A Julia Eccleshare Pick of the Month September 2018 | | Best friends Molly and Beth have a very special power: they can time travel! When Molly’s dad comes to live nearby, the girls realise that he is very lonely. He doesn’t see his only brother and he flatly refuses to have any kind of pet. How can the girls help him? Going back in time to the 1970s, Molly and Beth try to find out something from the past that can help them to cheer Dad up. Arriving at the time of Dad’s childhood they find that much was very different in the 1970s – cassettes for playing music, unfamiliar groups like The Bay City Rollers, some very weird hairstyles and clothes and no mobile phones! They also find out the misunderstanding when they were little boys that explains why Dad and his brother aren’t friends. A great new adventure for Molly and Beth who previously appeared in Time After Time and Stand By Me.
One of our Books of the Year 2016 | In a nutshell: sad | funny| touching | Susin Nielsen has won many fans for her poignant, character-driven stories of young people in difficult situations. Ambrose, the eponymous word nerd, is just such a central character: he’s isolated and lonely – shocked by the sudden death of his father his mother is anxious and over-protective – socially awkward too. His life changes when he strikes up a kind of friendship a neighbour, without telling his mum because Cosmo is a former drug addict with a prison record. This in turn leads to more friends as the two join a local Scrabble club, and a happy outcome for each. Readers will totally believe in this friendship, and root for Ambrose and Cosmo. A feel-good story filled with memorable characters, and one that sneaks all sorts of truths about life past its readers too. Readers who enjoy Word Nerd will also like A Seven Letter Word by Kim Slater, which also uses Scrabble as a hook for a moving story about struggling young people, while Stacey Matson writes satisfying, heart-warming stories about kids overcoming problems. ~ Andrea Reece
A Julia Eccleshare Pick of the Month May 2018 | Award-winning illustrator Michael Foreman’s own love of football suffuses this story which perfectly captures the thrill all footballers have of scoring the winning goal. As the new boy in a small local team a young boy dreams that one day he will be out on the pitch and will the strike the winning goal at the World Goal. Full of action and detail, Michael Foreman’s illustrations capture how his youthful dreams and reality merge to create a classic football story. Julia Eccleshare's Picks of the Month for May 2018 Square by Mac Barnett A Skinful of Shadows by Frances Hardinge A Perfect Day by Lane Smith Gaspard the Fox by Zeb Soanes & James Mayhew Wonder Goal! by Michael Foreman The Sand Dog by Sarah Lean The Wizards of Once by Cressida Cowell Plantopedia by Adrienne Barman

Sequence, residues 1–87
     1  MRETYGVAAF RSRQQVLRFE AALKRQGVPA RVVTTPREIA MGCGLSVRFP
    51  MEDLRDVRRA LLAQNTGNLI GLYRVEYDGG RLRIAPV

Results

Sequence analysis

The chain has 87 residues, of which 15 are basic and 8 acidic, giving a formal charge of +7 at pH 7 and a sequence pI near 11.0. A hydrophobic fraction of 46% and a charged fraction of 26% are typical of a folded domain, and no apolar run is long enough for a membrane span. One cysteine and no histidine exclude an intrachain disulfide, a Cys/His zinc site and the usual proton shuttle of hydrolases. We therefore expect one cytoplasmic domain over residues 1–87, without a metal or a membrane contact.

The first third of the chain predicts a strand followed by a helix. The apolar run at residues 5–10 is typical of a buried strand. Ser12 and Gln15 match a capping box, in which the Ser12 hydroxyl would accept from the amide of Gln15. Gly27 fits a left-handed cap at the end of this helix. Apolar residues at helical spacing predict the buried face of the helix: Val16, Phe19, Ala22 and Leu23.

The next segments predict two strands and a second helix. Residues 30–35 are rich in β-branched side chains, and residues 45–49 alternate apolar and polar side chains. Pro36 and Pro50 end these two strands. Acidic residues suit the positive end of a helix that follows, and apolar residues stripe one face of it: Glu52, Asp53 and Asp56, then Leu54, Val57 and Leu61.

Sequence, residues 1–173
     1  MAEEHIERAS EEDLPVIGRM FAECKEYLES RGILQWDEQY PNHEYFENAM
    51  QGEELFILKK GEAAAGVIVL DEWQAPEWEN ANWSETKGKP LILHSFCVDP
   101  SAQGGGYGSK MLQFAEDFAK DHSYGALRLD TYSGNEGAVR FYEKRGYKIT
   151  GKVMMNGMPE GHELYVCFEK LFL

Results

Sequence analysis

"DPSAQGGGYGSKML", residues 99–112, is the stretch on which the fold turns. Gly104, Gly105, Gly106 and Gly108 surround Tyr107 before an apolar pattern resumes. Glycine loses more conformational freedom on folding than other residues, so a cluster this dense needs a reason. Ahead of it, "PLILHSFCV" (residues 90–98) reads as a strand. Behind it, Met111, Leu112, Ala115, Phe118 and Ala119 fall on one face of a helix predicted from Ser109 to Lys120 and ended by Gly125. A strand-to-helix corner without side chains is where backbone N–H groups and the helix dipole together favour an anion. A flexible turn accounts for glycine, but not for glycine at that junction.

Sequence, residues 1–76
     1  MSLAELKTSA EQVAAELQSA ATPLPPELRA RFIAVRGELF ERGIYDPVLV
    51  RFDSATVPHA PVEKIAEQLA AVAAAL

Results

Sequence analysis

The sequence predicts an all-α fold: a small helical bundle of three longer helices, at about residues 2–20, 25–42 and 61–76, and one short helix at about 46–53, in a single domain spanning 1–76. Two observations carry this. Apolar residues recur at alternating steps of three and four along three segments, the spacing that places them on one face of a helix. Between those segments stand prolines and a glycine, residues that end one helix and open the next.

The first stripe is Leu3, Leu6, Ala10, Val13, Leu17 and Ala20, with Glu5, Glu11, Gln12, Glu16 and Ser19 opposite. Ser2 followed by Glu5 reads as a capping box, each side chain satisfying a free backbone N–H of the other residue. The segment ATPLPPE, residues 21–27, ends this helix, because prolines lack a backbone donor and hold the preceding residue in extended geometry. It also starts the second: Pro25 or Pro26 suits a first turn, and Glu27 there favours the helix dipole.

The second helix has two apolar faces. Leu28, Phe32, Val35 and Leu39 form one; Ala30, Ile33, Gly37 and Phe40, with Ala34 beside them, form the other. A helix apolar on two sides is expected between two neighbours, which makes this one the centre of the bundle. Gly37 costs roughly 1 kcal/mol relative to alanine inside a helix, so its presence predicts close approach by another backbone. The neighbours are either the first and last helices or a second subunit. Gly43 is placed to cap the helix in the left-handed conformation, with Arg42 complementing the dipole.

Annabelle has lived in Wolf Hollow all her life: a quiet place, still scarred by two world wars. But when cruel, manipulative Betty arrives in town, Annabelle's calm world is shattered, along with everything she's ever known about right and wrong. When Betty disappears, suspicion falls on strange, gentle loner Toby. As Wolf Hollow turns against him, and tensions quickly mount, Annabelle must do everything in her power to protect Toby - and to find Betty, before it is too late.
One of our special picks for Mothering Sunday The ahhh-factor is at its highest setting in this sweet but sturdy little board book. On each page a different mummy and child enjoy having simple fun together, whether that’s zooming round the shops, playing in the park or splashing in the bath (mummy penguin and her little one are particularly adorable). These are scenes that will be very familiar to little children, and they’ll recognise too the very special mummy love that’s depicted in every scene. The rhyming text is fun to read aloud, and the pictures are full of things to spot and discuss. Perfect for Mother’s Day! ~ Andrea Reece Our special Mothering Sunday Picks Guess How Much I Love You Gift Set by Sam McBratney and Anita Jeram Something for Mummy by Ted Dewan Mother's Day by Shirley Hughes With My Mummy by James Brown That's Not My Chick by Fiona Watt Superhero Mum by Timothy Knapman Me and My Grandma by Alison Ritchie
September 2014 Book of the Month Pixies, ghouls, and a granny who is stuck in the old ways are just some of the characters in this highly entertaining and action-packed story set in a witchy world that is as new fangled as our own. Cauldron’s are so yesterday, Flo would never be seen dead with one. She talks to her friends on a skychatter and, if she’s going to travel, she’d take a skycab rather than ride on a wobbly broomstick. Flo is passionate about saving pixies who are almost extinct while Grandma dreads an invasion of ghouls who she thinks are about to attack the Witchworld. Chris Riddell’s illustrations bring this ebullient world, so like our own and so different, vividly to life.